Over the course of the last year there has been a sharp rise in activity that impacts the Sikh world, some of which you will have heard about, others not so much. From the incarceration of Scottish citizen Jagtar Singh Johal to the emergence of a proposed ‘World Sikh Parliament’, change is coming. This is nothing new, for a Sikh understands that life is dynamic – our reality and circumstances can be altered in the blink of an eye, all as fits within the Divine Design that is Hukam. But with so much going on it has been difficult to keep up from an analytical point of view – to step back and see the pieces move on the proverbial chess board, consider the intentions and goals behind any particular course of action, and to calculate how such change might affect the Sikh psyche.

The political sphere has been the setting for the biggest news. In the past year, the Punjab electorate returned a Congress Party to power in the State bringing Captain Amarinder Singh to the Chief Minister’s seat at a time when the party is suffering on the national stage. The Captain’s eye may very well spy a seat on the grander table of Indian power, influentially if not quite physically. In the UK, last year’s general election saw the first female MP who is Sikh voted in to power, alongside the first turbaned Sikh, whilst the USA saw the successful election of a Mayor who is Sikh. But it is in Canada where the biggest waves have rippled following provincial parliamentarian Jagmeet Singh’s rise to become leader of the New Democratic Party (NDP) – the first and only non-white leader of a major political party in the West. That Jagmeet Singh has been an outspoken critic of the Indian state’s human rights record in the past, successfully lobbying for the Ontario legislature to recognise the November 1984 State-orchestrated violence centred in Delhi as a Genocide, cannot be understated if one is to comprehend just why both the Canadian media and their counterparts in India have made attempts to pounce upon him in recent weeks.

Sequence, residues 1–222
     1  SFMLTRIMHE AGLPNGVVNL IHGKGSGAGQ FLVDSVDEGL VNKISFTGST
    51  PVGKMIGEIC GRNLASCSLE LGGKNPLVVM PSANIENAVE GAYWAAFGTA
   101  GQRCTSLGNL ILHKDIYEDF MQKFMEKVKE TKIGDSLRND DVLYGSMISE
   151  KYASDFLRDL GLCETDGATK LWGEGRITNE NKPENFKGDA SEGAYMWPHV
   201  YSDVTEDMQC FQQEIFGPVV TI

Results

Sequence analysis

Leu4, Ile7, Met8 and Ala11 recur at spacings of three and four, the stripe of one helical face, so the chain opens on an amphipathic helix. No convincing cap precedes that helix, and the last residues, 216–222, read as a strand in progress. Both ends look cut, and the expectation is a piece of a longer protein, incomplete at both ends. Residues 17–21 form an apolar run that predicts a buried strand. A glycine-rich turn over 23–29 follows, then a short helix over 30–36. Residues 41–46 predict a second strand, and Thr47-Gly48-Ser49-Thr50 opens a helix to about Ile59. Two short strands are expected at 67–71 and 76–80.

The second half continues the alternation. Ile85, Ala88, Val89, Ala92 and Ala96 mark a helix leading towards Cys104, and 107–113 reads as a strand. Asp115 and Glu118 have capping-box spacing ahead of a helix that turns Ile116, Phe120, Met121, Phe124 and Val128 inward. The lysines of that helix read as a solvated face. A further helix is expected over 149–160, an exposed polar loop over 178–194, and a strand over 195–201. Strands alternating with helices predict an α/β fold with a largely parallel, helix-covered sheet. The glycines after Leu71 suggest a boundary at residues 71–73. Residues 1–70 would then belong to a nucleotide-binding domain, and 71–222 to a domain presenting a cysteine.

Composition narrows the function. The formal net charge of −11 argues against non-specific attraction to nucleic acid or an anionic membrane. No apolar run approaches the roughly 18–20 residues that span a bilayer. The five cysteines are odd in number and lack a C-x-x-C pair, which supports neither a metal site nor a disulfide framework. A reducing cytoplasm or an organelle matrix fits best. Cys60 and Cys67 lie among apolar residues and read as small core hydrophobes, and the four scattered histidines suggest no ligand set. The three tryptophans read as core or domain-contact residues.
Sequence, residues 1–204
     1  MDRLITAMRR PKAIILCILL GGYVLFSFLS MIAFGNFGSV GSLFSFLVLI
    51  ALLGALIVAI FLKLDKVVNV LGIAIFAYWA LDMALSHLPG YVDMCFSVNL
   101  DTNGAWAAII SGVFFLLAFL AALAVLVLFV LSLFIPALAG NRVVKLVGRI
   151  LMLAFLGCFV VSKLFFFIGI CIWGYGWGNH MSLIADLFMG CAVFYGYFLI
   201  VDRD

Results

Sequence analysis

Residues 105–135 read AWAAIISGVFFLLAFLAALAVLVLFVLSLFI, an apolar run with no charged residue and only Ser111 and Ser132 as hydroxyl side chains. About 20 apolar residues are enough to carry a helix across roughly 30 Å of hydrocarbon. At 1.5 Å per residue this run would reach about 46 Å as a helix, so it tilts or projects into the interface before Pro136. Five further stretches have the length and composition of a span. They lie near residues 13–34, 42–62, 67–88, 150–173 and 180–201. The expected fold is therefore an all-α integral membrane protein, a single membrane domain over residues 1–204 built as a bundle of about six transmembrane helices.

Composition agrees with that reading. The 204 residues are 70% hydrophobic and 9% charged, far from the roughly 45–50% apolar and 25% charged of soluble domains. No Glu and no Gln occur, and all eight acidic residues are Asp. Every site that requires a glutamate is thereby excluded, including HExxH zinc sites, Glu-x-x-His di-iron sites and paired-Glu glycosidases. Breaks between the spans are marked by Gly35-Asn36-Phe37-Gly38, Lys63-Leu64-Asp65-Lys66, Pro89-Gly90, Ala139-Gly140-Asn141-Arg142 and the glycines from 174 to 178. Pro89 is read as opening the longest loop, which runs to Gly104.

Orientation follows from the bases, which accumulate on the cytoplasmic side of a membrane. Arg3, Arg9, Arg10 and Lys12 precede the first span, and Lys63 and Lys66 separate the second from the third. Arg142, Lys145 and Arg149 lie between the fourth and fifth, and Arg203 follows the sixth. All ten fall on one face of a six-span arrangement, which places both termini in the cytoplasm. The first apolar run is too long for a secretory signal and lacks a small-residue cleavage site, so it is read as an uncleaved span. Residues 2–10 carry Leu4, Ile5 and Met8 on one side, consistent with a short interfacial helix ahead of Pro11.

But despite these political developments, it remains difficult to track how and why so much in so many ways is taking place in the Sikh world right now. At a time when the entire world sits on the precipice of a major shift due to technological advancements and environmental transformations, it is vital that those amongst us predisposed to an unfettered commitment to the Guru Granth and Guru Panth, devote themselves to seeing the bigger picture. I have written sparingly on many of these topics in recent months because I have been trying to do just this; case in point, when queried by a Sikh Studies student last month for my thoughts on the Indian media’s coverage of Trudeau’s trip to Punjab, I uttered the words, “I’m not quite sure what this means yet“.

It is not easy for me to publicly predict that something ‘big’ is coming, a statement that I have shared in private with a number of peers in recent months mostly to ascertain how they see things panning out. And yet my gut tells me that something big is approaching, whether it will be psychological, political, or physical; why? We never got closure from the reeling shock felt on the subcontinent and in the Diaspora when six years ago predominantly young Sikh generations protested en masse for the freedom of Balwant Singh Rajoana. That such a roar could encapsulate the mindsets of Sikhs globally, many of whom were not even born when the atrocities meted out by the State in Punjab took place, would have shocked the corridors of power in Delhi, and perhaps London, Washington and Ottawa too. Although the #iPledgeOrange movement dissipated, that all it took was a loose affiliation with the Sikh way of life, a broad identification as Sikh, for individuals to mobilise in major cities across the world was simply stunning, all the more when one considers the crimes that Rajoana is accused of and the manner in which he speaks so brazenly against State tyranny.

I know that the wind of change is blowing. I’m still trying to work out which way.